H influenzae

  • Testing for beta-lactamase production of H influenzae may also aid in tailoring the antibiotic regimen
    • 3rd and 4th generation cephalosporins, carbapenems, or Aztreonam may be used for beta-lactamase producing organisms

Antibiotic Therapy

  • Exhibit synergistic activity with cell wall antibiotics (eg penicillins, cephalosporins, monobactams and carbapenems)
  • Accumulation of cerebrospinal fluid lactate in cerebrospinal fluid during bacterial meningitis results in a decreased cerebrospinal fluid pH, which may inhibit the bactericidal activity of this group of drugs
  • Have inadequate penetration into the cerebrospinal fluid, may have to be given intrathecally
  • Consider adding Gentamicin to Ampicillin or Penicillin G in proven L monocytogenes meningitis
  • May be used for meningitis due to aerobic Gram-negative bacilli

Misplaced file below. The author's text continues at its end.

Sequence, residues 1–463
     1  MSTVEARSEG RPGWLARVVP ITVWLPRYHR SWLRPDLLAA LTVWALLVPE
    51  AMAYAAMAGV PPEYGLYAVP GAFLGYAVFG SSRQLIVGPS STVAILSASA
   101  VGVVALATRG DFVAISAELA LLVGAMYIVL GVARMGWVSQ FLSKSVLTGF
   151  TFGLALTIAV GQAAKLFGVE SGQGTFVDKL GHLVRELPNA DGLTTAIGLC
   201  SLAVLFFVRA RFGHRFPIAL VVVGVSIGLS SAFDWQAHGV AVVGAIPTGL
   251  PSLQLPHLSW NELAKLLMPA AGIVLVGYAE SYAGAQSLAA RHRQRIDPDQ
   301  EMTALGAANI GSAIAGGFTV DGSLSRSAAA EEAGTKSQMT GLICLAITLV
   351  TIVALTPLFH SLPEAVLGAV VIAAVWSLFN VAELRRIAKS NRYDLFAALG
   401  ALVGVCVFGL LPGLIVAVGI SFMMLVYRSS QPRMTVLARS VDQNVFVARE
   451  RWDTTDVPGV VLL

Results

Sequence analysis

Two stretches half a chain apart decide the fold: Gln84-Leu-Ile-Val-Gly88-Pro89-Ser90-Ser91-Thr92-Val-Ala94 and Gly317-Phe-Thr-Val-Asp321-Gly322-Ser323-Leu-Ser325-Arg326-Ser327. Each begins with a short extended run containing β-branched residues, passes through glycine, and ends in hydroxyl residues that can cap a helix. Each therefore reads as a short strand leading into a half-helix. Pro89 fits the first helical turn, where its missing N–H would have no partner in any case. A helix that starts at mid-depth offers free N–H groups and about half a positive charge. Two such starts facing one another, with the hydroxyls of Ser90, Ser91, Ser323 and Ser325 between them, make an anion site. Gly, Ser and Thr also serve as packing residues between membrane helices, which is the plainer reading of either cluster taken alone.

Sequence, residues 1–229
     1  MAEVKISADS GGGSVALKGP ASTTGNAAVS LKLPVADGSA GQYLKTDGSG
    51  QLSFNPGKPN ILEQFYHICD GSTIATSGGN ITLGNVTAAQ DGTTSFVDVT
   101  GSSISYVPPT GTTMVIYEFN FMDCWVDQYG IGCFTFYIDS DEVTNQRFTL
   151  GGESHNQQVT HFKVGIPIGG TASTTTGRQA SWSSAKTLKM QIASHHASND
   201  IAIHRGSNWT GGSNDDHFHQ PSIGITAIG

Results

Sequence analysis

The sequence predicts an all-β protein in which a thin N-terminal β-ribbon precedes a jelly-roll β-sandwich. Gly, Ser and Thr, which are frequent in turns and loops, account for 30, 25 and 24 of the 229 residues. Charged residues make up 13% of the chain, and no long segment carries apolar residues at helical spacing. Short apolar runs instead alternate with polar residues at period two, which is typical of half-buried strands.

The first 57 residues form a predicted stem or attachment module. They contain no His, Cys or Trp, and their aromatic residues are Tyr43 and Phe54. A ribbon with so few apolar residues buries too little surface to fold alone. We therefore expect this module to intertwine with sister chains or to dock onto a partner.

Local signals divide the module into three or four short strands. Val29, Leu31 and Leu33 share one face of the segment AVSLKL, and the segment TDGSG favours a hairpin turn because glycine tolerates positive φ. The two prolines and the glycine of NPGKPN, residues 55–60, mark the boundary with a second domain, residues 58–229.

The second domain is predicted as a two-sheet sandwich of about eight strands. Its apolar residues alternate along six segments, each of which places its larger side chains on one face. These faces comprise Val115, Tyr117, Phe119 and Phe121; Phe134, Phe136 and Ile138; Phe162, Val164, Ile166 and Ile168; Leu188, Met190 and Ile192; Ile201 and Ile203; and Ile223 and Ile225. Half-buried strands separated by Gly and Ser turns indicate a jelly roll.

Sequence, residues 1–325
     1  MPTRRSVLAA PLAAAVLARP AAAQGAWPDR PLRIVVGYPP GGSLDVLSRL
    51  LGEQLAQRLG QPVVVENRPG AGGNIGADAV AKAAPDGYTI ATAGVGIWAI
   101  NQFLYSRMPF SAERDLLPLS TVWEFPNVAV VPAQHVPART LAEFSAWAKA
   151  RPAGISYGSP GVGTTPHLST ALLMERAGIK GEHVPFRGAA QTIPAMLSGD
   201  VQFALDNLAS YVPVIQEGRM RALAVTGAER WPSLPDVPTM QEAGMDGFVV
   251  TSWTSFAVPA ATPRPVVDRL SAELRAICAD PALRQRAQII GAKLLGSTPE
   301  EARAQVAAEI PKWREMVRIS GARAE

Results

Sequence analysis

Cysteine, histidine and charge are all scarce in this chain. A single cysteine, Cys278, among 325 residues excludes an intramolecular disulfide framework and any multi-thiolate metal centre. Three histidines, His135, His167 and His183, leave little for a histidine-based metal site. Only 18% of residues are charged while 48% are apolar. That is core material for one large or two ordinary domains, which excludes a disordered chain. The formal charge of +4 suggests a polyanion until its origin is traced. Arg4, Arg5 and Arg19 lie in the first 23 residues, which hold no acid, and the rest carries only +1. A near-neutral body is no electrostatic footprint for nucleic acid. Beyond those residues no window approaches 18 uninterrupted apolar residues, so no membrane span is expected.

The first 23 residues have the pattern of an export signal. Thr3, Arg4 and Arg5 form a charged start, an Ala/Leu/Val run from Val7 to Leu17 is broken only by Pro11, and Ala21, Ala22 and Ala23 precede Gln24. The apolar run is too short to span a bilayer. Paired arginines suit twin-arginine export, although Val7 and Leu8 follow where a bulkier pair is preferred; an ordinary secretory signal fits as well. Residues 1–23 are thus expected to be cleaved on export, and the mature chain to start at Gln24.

• Treatment option for patients with contraindications to beta-lactam antimicrobial agents or Meropenem
  • Broad-spectrum cephalosporins used in meningitis include the 3rd generation cephalosporins (eg Cefotaxime, Ceftriaxone) and 4th generation cephalosporins (eg Cefepime)
  • Cefotaxime or Ceftriaxone
    • Very active against streptococci and are usually effective against Penicillin-resistant strains but clinical failures have been reported
    • Drug of choice for patients with meningitis due to enteric Gram-negative bacilli
    • 3rd generation cephalosporin eg Cefotaxime or Ceftriaxone may be used for N meningitidis with reduced susceptibility to Penicillin or as an alternative drug for S agalactiae
  • Cefepime
    • Has been shown to be safe and therapeutically equivalent to Cefotaxime in the treatment of meningitis in infants and children
    • Has in vitro activity similar to that of Cefotaxime and Ceftriaxone against H influenzae, N meningitidis, and S pneumoniae and greater in vitro activity against Enterobacter sp and P aeruginosa
  • Ceftazidime
    • Usually reserved for P aeruginosa (combine with aminoglycoside)
  • Bacteriostatic antibiotic
  • H influenzae, S pneumoniae and N meningitidis are highly susceptible
  • Co-administration with a bacteriostatic agent, eg an aminoglycoside, may result in antagonism
  • Has important toxic effects especially on the bone marrow (eg aplastic anemia)